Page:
The All-Star Antes Up (Wager of Hearts #2)(15)

by Nancy Herkness

“You have brought the issue to my attention, Miranda. Since I am the CEO of Elite Concierge Services, it is, of course, a priority for me to make sure this problem does not occur again.” Orin smacked his palms on the desktop, making Miranda start. “You need not concern yourself further.”

As she left his office, Miranda let out the breath she’d been holding. She’d made her point and he hadn’t fired her.

Still, she would polish up her résumé when she got home.

Luke settled on the leather seat of the limo and wondered what had Miranda Tate so riled up. She didn’t seem the type to throw things—even balls. He had a suspicion that Orin Spindle was involved, and guilt nagged at him again. If Luke hadn’t had that god-awful hangover from drinking with Trainor and Miller the night before, he wouldn’t have let that whole situation get to the point it did. He owed it to Miranda to fix it. But she had made it clear she didn’t want him to fight that battle for her.

Which surprised him.

So many people expected him to help them out.

He’d get a better idea about her at the meet and greet. He wanted to see her outside her professional persona. Bring out that genuine smile again, the one she’d given him when Trevor had pissed him off. Find out if that smooth, satiny voice ever took on an edge, or her sleek, shiny dark hair ever looked mussed. Like someone had run their fingers through it. See how the spark of temper he’d caught in her brown eyes might be turned into a different kind of heat.

He felt a stirring in his groin. Where the hell had that come from? One brush of her breasts against him and he wanted the whole package?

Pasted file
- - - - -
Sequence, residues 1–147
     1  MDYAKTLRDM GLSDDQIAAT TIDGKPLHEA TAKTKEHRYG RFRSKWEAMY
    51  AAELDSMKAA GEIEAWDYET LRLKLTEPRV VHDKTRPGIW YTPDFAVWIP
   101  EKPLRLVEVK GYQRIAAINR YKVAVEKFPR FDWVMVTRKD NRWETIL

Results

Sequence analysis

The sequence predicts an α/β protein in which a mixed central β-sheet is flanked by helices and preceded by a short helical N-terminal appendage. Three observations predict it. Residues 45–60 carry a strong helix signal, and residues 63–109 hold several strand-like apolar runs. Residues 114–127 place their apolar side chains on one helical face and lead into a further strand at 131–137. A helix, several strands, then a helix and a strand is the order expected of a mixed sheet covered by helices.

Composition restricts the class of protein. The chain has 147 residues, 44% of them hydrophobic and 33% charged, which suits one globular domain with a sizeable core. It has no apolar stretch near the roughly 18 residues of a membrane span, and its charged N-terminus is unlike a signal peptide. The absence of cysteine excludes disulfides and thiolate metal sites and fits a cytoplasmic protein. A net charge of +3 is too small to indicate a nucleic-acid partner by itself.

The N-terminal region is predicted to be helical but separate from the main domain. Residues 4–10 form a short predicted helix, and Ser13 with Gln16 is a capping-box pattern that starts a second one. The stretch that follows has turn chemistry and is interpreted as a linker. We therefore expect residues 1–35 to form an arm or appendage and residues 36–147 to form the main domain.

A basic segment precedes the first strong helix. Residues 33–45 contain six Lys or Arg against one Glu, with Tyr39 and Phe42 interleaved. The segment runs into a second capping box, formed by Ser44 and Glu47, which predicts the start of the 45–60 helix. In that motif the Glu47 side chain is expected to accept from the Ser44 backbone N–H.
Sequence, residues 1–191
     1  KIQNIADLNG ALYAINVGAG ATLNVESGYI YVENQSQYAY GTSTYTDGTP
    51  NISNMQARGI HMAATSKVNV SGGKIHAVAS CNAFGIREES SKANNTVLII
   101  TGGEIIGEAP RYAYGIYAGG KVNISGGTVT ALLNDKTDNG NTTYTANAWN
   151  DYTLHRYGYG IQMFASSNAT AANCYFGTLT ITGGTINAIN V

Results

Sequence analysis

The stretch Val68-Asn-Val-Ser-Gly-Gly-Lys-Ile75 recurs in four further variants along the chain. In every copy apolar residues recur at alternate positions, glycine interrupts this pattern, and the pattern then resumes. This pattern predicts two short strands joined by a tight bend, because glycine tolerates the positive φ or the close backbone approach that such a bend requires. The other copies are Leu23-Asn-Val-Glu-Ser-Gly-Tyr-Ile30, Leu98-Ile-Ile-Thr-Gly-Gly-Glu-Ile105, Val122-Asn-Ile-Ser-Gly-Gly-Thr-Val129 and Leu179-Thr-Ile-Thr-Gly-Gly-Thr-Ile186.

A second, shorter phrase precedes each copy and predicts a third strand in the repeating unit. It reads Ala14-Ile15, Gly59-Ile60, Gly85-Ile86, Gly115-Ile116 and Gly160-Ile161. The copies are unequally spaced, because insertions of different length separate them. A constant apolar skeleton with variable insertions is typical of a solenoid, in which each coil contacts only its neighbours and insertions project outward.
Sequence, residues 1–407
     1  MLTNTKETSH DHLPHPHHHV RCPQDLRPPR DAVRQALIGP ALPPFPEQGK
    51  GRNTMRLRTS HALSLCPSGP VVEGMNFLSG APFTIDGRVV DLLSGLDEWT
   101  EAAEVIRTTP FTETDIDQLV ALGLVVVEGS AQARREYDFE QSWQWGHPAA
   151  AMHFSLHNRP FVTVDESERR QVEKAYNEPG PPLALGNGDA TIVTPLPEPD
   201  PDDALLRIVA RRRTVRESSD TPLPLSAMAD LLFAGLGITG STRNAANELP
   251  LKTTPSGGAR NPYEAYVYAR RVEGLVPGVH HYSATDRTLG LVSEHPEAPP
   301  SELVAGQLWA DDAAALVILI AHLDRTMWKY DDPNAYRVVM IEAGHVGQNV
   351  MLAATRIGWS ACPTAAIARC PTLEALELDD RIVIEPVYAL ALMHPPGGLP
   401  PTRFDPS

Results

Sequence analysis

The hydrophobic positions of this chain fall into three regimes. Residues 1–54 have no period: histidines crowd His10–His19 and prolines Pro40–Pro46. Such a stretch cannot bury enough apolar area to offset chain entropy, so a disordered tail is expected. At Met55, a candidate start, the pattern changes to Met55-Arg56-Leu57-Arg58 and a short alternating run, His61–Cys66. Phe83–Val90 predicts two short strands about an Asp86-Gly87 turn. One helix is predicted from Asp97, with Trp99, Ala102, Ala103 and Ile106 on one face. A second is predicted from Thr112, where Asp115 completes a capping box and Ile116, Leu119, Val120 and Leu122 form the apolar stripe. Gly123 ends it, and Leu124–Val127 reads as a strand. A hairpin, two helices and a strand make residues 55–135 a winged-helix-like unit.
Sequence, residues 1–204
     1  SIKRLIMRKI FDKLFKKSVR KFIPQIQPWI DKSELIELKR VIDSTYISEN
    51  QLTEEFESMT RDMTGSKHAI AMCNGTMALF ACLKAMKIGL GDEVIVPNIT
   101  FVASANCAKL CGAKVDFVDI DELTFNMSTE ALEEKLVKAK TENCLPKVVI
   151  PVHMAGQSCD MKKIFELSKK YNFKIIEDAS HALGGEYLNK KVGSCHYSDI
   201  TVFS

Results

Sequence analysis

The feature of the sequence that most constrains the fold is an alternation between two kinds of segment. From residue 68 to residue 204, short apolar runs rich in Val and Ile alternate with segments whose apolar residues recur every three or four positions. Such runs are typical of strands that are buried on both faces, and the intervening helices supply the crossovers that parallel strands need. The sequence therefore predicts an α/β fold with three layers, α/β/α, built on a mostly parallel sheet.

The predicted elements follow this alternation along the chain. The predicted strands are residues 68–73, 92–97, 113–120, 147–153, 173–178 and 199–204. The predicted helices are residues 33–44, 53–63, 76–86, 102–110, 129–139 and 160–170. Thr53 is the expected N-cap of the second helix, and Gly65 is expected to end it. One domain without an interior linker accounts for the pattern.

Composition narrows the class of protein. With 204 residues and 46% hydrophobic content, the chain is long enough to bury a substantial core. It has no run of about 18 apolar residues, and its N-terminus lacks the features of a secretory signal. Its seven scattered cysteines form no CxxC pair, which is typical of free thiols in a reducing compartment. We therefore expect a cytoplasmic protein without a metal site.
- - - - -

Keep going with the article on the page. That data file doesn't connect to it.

Luke straightened on the seat and began to run through the Empire’s playbook in his mind. One of his signature moves was not using a wristband with plays listed on it. He kept a mental file instead—it made his decisions on the field easier. And it intimidated his opponents.

Football was a physical game, but it never hurt to mess with your enemy’s mind, too.

Chapter 4

“This is awesome,” Theo said, his hazel eyes the size of saucers. They’d just been escorted into the VIP box.

“Awesome is right,” Miranda agreed. She was startled to discover that the box was decorated like someone’s large, elegant living/dining room, except for the wall of glass that overlooked the outdoor seating and the brilliant green of the football field. She’d gotten tickets for people to sit in VIP boxes more times than she could remember, but she’d never actually been in one herself. She’d imagined they would be decorated with team logos and neon beer signs. This suite boasted oak paneling, tan leather sofas, and plush russet carpeting.

“Mr. Archer got you one of the nicest boxes, and you have it all to yourself,” Heather, their young hostess, said. She’d met them at the VIP entrance, wearing a skirt and jacket in the now-familiar Empire blue, and whisked them up to their luxurious suite in an elevator.

Dennis whistled. “Four flat-screen TVs.”

“Hot dogs and pizza.” Theo inspected the contents of the chafing dishes laid out on the marble countertop.

“A private bathroom,” Patty said, sticking her head in the door. “With real towels, not paper ones.”